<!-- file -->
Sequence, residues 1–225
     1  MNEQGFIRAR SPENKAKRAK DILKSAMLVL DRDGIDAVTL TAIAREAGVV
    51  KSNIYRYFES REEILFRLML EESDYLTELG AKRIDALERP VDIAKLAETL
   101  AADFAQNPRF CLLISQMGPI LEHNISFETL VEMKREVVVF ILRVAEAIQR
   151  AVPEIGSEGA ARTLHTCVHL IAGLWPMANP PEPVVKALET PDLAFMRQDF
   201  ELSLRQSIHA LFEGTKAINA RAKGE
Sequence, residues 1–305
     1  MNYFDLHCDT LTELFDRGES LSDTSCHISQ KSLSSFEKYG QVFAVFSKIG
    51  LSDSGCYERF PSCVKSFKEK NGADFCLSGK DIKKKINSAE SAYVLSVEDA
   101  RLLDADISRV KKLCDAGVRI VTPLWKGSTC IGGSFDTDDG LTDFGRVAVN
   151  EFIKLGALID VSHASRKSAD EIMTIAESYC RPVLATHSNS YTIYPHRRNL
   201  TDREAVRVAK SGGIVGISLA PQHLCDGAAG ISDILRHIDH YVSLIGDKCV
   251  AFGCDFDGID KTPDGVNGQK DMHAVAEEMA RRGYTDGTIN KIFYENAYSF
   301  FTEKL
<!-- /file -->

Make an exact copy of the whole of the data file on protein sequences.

Sequence, residues 1–225
     1  MNEQGFIRAR SPENKAKRAK DILKSAMLVL DRDGIDAVTL TAIAREAGVV
    51  KSNIYRYFES REEILFRLML EESDYLTELG AKRIDALERP VDIAKLAETL
   101  AADFAQNPRF CLLISQMGPI LEHNISFETL VEMKREVVVF ILRVAEAIQR
   151  AVPEIGSEGA ARTLHTCVHL IAGLWPMANP PEPVVKALET PDLAFMRQDF
   201  ELSLRQSIHA LFEGTKAINA RAKGE
Sequence, residues 1–305
     1  MNYFDLHCDT LTELFDRGES LSDTSCHISQ KSLSSFEKYG QVFAVFSKIG
    51  LSDSGCYERF PSCVKSFKEK NGADFCLSGK DIKKKINSAE SAYVLSVEDA
   101  RLLDADISRV KKLCDAGVRI VTPLWKGSTC IGGSFDTDDG LTDFGRVAVN
   151  EFIKLGALID VSHASRKSAD EIMTIAESYC RPVLATHSNS YTIYPHRRNL
   201  TDREAVRVAK SGGIVGISLA PQHLCDGAAG ISDILRHIDH YVSLIGDKCV
   251  AFGCDFDGID KTPDGVNGQK DMHAVAEEMA RRGYTDGTIN KIFYENAYSF
   301  FTEKL